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Site Design is:
custom developed in free form style with topic based pages
focused on IT research and development

a Brief History

I was born November 17th, 1951 in Saskatchewan, Canada.

When I was 44, in 1995, I was experiencing strange difficulties with my gait +.

So I went to a Neurologist and had a Myelogram (a very bad idea) which gave a diagnosis of Multiple Sclerosis, Secondary Progressive, September 8, 1995. An MRI sometime later confirmed the diagnosis.

At the time, I was living in Richmond, British Columbia with my wife and two young children. I was working 3 12hr shifts per week, 8pm - 8am Friday / Saturday / Sunday as a Senior Computer Operator at the University of British Columbia, Computing Center. My first day was December 8th, 1980 ... the day Beatles star John Lennon was shot down in New York.

   Beatles - While My Guitar Gently Weeps

In those early years, I worked 5 8 hour rotational shifts per week between days / evenings / nights. It was always very busy and great fun. As my wife worked days, I swapped my dayshifts for evenings if possible ... else nights, and looked after our children in my off time ... we played school.

They learned the alphabet, numbers / mathematics and some higher forms of symbolic reasoning. I took them swimming three times a week and skating twice. Chess interested them watching me play in 2001 at 12, so I taught them how to play on an electronic gameboard.

By the early 90's, technological advances had transformed the work into not much more than a babysitting job and shifts were re-organized to accommodate a 3 day 12 hour position. I knew the weekend shift would be available as nobody would be wanting it. It suited me fine for managing my failing health ... going into work only 3 days a week instead of 5, was the prime motivator.

During the summer of 1995, I took my children on a vacation to visit Grandpa in Saskatchewan (I wanted to have them experience the prairie while they were still young . you can take the boy out of the country, but you can't take the country out of the boy). We visited my grandparents homesteads and paid respects to our elders. I had difficulty with the cactus embedded pasture.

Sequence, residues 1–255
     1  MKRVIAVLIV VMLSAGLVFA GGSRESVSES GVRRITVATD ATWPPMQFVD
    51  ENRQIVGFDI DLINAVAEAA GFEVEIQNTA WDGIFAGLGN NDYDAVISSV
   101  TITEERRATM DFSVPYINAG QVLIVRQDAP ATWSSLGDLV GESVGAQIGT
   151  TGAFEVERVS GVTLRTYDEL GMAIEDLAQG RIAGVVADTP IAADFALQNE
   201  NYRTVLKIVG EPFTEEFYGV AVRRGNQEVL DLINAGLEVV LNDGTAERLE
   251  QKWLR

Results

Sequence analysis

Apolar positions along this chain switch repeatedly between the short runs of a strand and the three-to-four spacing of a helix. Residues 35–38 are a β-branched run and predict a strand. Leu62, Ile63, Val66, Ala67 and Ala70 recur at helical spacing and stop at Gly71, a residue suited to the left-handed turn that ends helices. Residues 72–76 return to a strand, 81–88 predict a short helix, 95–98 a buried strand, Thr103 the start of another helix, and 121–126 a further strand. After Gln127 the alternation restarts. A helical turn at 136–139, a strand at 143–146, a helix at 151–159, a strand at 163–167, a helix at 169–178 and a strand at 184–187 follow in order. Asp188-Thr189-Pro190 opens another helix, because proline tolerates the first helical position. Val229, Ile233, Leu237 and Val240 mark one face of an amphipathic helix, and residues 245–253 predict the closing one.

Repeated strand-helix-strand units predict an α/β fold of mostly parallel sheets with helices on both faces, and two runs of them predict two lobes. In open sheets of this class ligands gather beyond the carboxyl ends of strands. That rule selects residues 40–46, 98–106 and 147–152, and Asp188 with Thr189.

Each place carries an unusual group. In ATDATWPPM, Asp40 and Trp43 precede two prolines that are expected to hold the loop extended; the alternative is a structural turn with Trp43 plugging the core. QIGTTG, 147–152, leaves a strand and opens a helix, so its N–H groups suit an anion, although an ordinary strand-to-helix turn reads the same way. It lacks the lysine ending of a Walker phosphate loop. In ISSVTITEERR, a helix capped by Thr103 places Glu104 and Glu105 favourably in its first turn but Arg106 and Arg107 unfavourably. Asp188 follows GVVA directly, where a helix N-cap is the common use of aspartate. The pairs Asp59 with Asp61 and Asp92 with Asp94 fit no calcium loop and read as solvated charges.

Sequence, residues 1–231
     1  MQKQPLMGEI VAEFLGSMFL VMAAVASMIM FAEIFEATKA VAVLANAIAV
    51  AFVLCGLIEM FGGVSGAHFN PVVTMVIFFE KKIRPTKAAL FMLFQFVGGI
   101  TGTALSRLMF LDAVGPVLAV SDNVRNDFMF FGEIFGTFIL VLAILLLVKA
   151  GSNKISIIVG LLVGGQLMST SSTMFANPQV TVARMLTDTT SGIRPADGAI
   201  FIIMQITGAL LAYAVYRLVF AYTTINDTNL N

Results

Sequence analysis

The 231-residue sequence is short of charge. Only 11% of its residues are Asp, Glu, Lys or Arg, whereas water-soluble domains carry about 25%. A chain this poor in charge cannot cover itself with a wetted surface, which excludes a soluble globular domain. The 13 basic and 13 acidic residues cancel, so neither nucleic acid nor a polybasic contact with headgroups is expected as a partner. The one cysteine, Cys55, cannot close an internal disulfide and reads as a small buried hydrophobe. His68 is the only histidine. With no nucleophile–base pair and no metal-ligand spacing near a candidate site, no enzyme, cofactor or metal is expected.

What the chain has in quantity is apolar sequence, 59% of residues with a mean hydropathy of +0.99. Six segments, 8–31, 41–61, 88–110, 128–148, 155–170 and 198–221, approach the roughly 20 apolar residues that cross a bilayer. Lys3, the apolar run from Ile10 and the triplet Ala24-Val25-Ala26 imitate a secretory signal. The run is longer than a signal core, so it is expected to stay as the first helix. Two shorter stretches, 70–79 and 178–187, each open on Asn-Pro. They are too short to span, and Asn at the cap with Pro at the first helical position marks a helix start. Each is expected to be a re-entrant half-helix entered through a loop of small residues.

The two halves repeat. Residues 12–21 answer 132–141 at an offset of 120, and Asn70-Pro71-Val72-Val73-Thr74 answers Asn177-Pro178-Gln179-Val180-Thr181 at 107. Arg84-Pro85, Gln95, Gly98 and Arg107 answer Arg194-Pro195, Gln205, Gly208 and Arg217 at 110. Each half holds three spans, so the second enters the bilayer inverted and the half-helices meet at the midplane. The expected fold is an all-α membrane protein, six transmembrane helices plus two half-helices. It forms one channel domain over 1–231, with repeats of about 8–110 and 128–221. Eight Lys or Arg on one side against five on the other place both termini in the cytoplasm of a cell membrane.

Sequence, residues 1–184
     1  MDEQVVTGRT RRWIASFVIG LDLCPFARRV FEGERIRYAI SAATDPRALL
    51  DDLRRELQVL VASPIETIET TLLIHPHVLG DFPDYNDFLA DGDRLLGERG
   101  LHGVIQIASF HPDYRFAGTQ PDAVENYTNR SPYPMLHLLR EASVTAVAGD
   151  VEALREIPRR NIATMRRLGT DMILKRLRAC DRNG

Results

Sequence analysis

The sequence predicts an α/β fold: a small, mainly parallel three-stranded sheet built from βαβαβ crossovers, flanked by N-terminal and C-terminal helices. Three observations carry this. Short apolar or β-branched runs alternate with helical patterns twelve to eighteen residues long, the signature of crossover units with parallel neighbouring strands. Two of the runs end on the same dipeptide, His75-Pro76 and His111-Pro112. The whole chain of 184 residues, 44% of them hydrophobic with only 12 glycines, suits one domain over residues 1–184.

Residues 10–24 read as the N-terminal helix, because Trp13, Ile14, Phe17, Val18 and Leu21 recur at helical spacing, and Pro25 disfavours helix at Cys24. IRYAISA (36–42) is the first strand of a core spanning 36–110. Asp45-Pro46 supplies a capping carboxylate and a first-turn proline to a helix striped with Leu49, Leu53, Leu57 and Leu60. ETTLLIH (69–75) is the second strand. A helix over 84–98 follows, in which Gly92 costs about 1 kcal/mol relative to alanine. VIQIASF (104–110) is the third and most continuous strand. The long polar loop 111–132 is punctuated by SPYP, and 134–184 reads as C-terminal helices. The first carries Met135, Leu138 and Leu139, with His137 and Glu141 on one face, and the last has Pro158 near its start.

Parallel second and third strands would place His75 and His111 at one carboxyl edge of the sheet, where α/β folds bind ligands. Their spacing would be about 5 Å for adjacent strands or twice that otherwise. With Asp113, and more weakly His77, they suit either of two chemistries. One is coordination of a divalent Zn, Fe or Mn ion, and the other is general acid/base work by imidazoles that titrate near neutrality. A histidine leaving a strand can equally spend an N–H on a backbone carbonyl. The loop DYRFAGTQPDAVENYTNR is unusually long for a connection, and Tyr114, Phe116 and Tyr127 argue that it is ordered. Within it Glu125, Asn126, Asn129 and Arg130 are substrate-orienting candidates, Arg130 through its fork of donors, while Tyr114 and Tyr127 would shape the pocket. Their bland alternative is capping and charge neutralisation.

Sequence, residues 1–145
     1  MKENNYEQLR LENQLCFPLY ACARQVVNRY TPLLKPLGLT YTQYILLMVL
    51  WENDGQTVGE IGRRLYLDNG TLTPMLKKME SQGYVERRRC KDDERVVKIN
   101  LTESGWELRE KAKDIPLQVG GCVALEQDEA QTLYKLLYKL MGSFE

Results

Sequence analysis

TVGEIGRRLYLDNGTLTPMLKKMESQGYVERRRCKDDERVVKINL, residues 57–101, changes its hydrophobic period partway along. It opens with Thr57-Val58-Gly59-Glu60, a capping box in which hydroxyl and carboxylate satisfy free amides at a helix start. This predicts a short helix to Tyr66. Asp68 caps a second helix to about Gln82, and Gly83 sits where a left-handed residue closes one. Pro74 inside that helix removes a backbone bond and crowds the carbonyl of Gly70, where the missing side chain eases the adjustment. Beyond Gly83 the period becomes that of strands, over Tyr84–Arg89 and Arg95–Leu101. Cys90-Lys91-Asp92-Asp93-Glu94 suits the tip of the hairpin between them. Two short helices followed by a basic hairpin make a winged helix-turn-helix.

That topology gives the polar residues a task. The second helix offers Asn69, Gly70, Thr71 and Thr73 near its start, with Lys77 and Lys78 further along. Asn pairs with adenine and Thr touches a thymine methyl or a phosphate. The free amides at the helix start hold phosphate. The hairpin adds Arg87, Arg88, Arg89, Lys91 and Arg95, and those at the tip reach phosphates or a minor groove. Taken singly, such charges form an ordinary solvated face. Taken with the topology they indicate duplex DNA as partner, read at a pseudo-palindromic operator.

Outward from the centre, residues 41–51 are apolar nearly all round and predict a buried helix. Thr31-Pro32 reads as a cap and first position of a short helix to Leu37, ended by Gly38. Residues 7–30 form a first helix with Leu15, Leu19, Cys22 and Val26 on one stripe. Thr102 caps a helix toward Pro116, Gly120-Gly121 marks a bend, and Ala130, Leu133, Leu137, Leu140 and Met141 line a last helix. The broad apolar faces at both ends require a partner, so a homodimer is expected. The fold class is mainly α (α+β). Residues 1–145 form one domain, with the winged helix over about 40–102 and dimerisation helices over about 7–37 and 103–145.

On our return, we stopped in Calgary to visit my sister as well as the Calgary Stampede. Leaving the Stampede Grounds for the parking lot, I could walk no further than 10 feet before needing to rest a short while.

I was in great shape, 5'7" 180 lbs and strong. I was at a loss as to what the problem was ... perhaps a pinched nerve I thought. I was learning springboard diving at UBC's pool ... 2 3 and 5 meter height ... I must have pinched a nerve. So when the Neurologist suggested a Myelogram, great, my difficulties would be discovered. Having this examination caused severe trauma.

The evening of the Myelogram was an ordeal. I needed to keep an ice pack on my head continually. Shortly after midnight, three bolts (shocks) entered dead center of the crown of my skull    

C R A C K    C R A C K    C R A C K   

They flashed down the inside core of my spine and out my tailbone. I had no idea what was happening and pondered what I was dealing with.

I imagined being commandeered to do battle against a Horrendous Beast called Multiple Sclerosis. My life was about to be turned upside down and shaken ... for years and years. I resolved to do the best I can in confronting this challenge and got back to work after 3 days rest. I spent the next few years looking for a way out and back to health with supplements, etc. etc. ad nauseum to escape the grip of MS.

May 26, 1996, my balance was so bad, I could not responsibly perform my duties and resigned to long-term disability. Over the next 10 years, my children grew to teenagers while my condition progressed (deteriorated) from needing a Cane to Walker to Scooter to Wheelchair. I was at the end in 2005 when I was having such difficulty the stress was too great on our marriage and we separated with a great deal of anxiety (unfortunately).

With Coastal Health Home Care Support, I remained living at home with my children until the spring of 2007, when I ended up in the Emergency Room of Richmond General Hospital. Dr. T, my General doctor at the time, advised me that I was not likely going to be able to continue living on my own any longer. I was dismayed.

September 6, 2007   I moved into Minoru Extended Care facility in Richmond, British Columbia while my children rented a place on their own... that was very hard to do... options did not present themselves.

I lived there for 15 fifteen months until December 4, 2008  when I had the good fortune to move into care at Residences for Independent Living Society (RILS) in Steveston, Richmond, B.C.

This page was last updated August 3rd, 2020 by Kim.S